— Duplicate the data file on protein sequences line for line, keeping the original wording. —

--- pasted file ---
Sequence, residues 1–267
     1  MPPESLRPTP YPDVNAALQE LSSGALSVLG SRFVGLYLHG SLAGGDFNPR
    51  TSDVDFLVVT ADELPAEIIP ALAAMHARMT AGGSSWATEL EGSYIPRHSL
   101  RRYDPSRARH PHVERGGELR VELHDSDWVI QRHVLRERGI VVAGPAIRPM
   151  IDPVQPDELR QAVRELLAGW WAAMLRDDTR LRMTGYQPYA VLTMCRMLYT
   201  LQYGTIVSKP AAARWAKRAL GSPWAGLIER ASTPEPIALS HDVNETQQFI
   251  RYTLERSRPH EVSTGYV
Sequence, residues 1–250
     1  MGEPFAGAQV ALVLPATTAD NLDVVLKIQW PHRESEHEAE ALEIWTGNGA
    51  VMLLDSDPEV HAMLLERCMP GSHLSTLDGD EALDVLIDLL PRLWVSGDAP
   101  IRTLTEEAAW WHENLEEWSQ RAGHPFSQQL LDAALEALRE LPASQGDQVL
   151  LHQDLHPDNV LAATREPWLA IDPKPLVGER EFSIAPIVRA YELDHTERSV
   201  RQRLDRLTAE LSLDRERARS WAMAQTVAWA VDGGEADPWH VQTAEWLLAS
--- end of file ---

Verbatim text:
Sequence, residues 1–267
     1  MPPESLRPTP YPDVNAALQE LSSGALSVLG SRFVGLYLHG SLAGGDFNPR
    51  TSDVDFLVVT ADELPAEIIP ALAAMHARMT AGGSSWATEL EGSYIPRHSL
   101  RRYDPSRARH PHVERGGELR VELHDSDWVI QRHVLRERGI VVAGPAIRPM
   151  IDPVQPDELR QAVRELLAGW WAAMLRDDTR LRMTGYQPYA VLTMCRMLYT
   201  LQYGTIVSKP AAARWAKRAL GSPWAGLIER ASTPEPIALS HDVNETQQFI
   251  RYTLERSRPH EVSTGYV
Sequence, residues 1–250
     1  MGEPFAGAQV ALVLPATTAD NLDVVLKIQW PHRESEHEAE ALEIWTGNGA
    51  VMLLDSDPEV HAMLLERCMP GSHLSTLDGD EALDVLIDLL PRLWVSGDAP
   101  IRTLTEEAAW WHENLEEWSQ RAGHPFSQQL LDAALEALRE LPASQGDQVL
   151  LHQDLHPDNV LAATREPWLA IDPKPLVGER EFSIAPIVRA YELDHTERSV
   201  RQRLDRLTAE LSLDRERARS WAMAQTVAWA VDGGEADPWH VQTAEWLLAS